Story Stream
recent articles

You'd think that Saudi Arabia's ruling monarchy would have a lot to be happy about -- and you'd be right, in part. The Saudi Kingdom has, barring some exceptions, been remarkably stable. It was left unscathed by the revolutionary wave that demolished longstanding authoritarian regimes from Tunisia to Egypt. The Saudi political system -- being consensus-based and partly informal -- functions by co-opting major centers of political power, being solicitous of the views of Islamic clerics and scholars (important constituencies given Wahhabi Islam's centrality to the monarchy's legitimacy) and providing citizens with lavish cradle-to-grave benefits funded by the Kingdom's mammoth oil export revenues.

This arrangement doesn't rest on liberal democratic precepts, but it has worked; and that's partly because a population that's well provided for but knows that there's a high price to be paid for rebellion is either satisfied with, or resigned to, the status quo.

And Saudis are well taken care of: their per capita income approaches $32,000. That's less than that of the other Persian Gulf oil and gas sheikdoms, but exceeds the income per person of Spain and Italy. (You might object that the comparison isn't fair because these two European countries are mired in economic trouble -- they are -- but Saudi Arabia's per capita income is not far off from the EU's average of $35,100.) Yes, the unemployment rate is high (12 percent overall, 30 percent for young people), but the regime has abundant cash to fund benefits for those without jobs.

So what's the Saudi leadership so apprehensive about? Lots of things, as it happens, even though none presages revolution, or even upheaval.

Let's start with the Kingdom's trump card: oil. The numbers relating to Saudi Arabia's oil production and wealth are certainly impressive. It has about a fifth of the world's proven reserves (268 billion barrels out of 1.4 trillion). The U.S. Energy Information Administration notes that the Ghawar field, the world's largest, holds more oil (70 billion barrels) than the total reserves of all except the countries with the next seven largest reserves. But here's the thing: Not only are new, massive oil deposits being discovered (for example, Brazil's offshore fields, estimated to contains up to 8 billion barrels), but the shale revolution promises to put a lot more oil on the market. Saudi Arabia could face a future of diminished oil revenue. Given that oil accounts for 45 percent of its GDP, 80 percent of budget revenue and 90 percent of exports, that's a problem.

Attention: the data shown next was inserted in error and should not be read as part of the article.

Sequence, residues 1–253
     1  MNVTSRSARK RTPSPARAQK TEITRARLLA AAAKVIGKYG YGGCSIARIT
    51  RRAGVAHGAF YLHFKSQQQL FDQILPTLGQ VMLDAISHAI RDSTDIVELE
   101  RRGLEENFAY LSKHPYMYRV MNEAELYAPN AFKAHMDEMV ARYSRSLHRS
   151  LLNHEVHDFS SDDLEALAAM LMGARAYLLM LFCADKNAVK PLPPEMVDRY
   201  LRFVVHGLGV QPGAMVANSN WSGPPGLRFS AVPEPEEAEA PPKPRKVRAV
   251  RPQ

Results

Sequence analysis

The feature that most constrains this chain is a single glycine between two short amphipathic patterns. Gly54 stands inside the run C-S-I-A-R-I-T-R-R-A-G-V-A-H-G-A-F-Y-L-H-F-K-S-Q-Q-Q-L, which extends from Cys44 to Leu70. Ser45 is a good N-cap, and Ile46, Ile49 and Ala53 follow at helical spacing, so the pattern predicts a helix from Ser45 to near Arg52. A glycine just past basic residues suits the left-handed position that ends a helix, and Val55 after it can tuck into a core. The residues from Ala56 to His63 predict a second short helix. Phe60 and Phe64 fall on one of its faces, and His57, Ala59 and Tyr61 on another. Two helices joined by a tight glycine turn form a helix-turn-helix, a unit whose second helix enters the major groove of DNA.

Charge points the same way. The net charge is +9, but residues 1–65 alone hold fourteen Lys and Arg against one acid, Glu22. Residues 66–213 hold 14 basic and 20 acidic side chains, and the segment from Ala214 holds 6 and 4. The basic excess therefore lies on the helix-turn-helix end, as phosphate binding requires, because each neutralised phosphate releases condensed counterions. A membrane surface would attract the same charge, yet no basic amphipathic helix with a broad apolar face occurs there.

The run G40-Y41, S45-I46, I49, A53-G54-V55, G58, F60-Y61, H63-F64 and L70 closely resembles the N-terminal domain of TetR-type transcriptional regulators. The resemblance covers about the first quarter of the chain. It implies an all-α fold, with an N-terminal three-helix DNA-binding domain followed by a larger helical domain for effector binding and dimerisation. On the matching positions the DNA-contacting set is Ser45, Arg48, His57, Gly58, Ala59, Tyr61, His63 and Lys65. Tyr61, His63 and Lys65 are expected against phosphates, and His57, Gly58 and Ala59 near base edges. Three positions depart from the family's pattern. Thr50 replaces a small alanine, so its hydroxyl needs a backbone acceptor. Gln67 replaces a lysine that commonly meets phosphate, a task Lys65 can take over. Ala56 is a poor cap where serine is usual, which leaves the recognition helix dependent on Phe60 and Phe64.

Yet this is not a challenge that, in principle, can't be overcome provided that the bountiful wealth yielded by oil is used imaginatively and effectively by Riyadh to lay the foundation for -- if not a post-oil economy -- an economy in which oil isn't everything. The Kingdom has had decades to do this, but the results have been unimpressive, notwithstanding much-touted plans and investments intended to develop the non-oil sector and equip younger Saudis with the skills needed to start and run globally competitive companies. In the Kingdom's economy, oil remains king. Saudi Arabia exhibits the same pathology as other top oil producers, such as Russia, Venezuela and Nigeria.

Countries that started with a lot less wealth have done far better -- take Singapore. It didn't have the oil riches of Saudi Arabia, but it demonstrated, under legendary former Prime Minister Lee Kuan Yew, that smart leaders, determination and foresight can create a lot from very little. A relatively poor country a generation ago, tiny Singapore is now an economic powerhouse with first-rate schools and universities and a highly educated population with abundant technical and managerial knowhow -- and a per capita income of over $60,000. Saudi Arabia, like Singapore, has been stable; what it has lacked is a counterpart to Lee Kuan Yew, a leader capable of delivering stability and generating dynamism. (Singapore is not a lone example; consider South Korea, which in 1950 had a per capita income comparable to its now-impoverished northern nemesis.)